Suddenly, my horse took a sharp right turn and the two of us headed off in our own direction, separated from the group by an ever-increasing distance. This was very disconcerting for someone like me who is used to being in control. The horse was in control and was riding me more than I was riding him. For a few long minutes I envisioned myself as one of the only American immigrants illegally crossing the border INTO Mexico. In reality, we were far from the border, but the horse had a plan I was not made aware of - and my mind was racing through all kinds of scenarios.


Finally, we emerged from our desert exploration, came up over a small hill and - amazingly - arrived at the cookout. Of the 107 horses that had set out, we finished third. A total of 104 horses and riders that took the traditional route came in behind us. Losers all. That was truly one of the greatest moments of my life - a surprise podium finish on my first ride. How great is that?


The American West is big country where big people have accomplished big things. I may not qualify as a “big” person and, yes, my horse was a tad aged, but we accomplished great things that day. First and foremost, I rode him. That was an accomplishment in itself. We also developed a deep trust of each other - me that he would eventually get me where I needed to go, and him that I would not scream bloody murder when he went off trail.


The world needs more horses that blaze their own trails. What horse has ever made a difference by simply taking the well-worn path? My horse broke the mold. Good for him. To use a traditional southwestern term, it takes some chutzpah to walk a different trail. There are an infinite number of ways to get from Point A to Point B, and I am forever thankful to that horse for reminding me of this.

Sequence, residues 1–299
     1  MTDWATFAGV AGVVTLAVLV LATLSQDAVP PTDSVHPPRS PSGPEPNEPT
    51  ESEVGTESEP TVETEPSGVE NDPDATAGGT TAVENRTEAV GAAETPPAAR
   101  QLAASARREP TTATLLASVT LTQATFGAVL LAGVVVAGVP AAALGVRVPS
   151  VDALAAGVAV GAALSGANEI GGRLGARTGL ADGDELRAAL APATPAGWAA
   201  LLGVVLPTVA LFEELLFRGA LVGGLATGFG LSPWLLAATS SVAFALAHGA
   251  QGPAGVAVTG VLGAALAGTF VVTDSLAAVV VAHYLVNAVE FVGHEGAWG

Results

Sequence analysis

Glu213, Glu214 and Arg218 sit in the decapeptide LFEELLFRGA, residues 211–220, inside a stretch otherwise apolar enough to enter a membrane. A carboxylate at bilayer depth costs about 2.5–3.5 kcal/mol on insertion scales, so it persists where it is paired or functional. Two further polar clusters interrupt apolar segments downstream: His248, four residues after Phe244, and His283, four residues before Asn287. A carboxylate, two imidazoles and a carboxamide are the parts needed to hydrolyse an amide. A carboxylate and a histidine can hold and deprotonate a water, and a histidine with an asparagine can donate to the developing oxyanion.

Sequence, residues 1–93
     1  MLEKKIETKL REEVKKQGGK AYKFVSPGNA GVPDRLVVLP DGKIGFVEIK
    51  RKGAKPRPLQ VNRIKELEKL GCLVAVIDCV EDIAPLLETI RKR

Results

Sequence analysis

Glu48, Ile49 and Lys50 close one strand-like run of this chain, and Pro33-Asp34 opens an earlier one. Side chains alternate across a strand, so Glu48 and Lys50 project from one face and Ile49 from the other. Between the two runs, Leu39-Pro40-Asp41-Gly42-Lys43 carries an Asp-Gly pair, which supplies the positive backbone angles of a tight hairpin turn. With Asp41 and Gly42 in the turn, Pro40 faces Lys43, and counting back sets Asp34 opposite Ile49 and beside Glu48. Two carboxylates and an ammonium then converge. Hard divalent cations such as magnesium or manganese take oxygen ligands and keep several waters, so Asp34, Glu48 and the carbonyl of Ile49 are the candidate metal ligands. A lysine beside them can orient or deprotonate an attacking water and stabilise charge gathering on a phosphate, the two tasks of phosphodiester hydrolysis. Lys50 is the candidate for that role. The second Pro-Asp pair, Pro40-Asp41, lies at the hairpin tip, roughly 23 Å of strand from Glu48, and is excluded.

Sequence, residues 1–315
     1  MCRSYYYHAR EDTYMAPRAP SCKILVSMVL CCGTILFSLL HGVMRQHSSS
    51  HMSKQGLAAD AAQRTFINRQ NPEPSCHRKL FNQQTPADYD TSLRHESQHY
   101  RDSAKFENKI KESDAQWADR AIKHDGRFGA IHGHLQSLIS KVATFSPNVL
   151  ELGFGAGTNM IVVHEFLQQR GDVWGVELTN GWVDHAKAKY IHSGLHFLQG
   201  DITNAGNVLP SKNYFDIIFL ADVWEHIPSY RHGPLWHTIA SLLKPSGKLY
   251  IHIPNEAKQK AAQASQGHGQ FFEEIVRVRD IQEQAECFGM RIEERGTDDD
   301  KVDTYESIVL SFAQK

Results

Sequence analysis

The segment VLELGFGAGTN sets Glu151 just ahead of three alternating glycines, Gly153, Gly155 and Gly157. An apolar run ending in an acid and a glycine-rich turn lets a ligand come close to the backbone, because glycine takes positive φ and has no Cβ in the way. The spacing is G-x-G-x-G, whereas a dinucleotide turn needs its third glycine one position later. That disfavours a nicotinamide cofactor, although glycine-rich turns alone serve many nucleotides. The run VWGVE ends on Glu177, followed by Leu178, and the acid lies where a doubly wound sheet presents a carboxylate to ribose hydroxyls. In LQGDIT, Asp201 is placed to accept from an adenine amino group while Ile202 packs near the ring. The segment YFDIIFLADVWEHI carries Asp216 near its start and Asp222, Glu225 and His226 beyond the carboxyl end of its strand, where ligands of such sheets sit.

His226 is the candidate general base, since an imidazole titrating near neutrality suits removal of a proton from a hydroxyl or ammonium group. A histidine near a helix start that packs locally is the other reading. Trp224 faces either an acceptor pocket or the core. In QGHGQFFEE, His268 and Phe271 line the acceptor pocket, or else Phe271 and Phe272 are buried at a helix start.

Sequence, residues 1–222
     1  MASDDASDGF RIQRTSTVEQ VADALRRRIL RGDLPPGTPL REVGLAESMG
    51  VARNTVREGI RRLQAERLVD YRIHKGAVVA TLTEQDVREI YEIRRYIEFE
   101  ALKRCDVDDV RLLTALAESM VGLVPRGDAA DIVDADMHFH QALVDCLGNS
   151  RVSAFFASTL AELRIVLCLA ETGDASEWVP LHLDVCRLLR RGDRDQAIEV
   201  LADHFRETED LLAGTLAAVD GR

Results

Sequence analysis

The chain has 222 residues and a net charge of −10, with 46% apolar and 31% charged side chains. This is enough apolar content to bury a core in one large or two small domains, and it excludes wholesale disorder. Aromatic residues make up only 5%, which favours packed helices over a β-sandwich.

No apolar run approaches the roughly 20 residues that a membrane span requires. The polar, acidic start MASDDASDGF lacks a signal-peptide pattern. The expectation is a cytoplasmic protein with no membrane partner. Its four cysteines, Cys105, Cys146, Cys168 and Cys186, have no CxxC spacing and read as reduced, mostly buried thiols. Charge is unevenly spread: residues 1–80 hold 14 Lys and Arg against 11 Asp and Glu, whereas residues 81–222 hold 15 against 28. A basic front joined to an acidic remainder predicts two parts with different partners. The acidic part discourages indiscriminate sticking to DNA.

DY: In Just a Few Words is a blog that comes out when something needs to be said or every Tuesday - whichever comes first. Davis Young is a communications professional who adds 50+ years of experience and perspective to issues of the day. His emphasis in DY: In Just a Few Words will be humor (a touch of sarcasm here, a pinch of facetiousness there...). Once in a while, he will touch on something a bit more serious - but hopefully not too deep or depressing.


This blog is a product of DY Author & Speaker LLC. Feel free to quote content with attribution. Respond. Agree. Disagree. Share the content with your friends. Heck - even invite him as a speaker for your group! Enjoy!

Just keep putting one foot in front of the other.


In Athens - at the top of a hill known as the Acropolis and overlooking the city center - sits an historic site known as the Parthenon.


The Parthenon has been there since five centuries before the birth of Christ or, put another way, about 25 centuries before today. By contrast, New York City’s world famous Empire State Building was completed less than one century ago.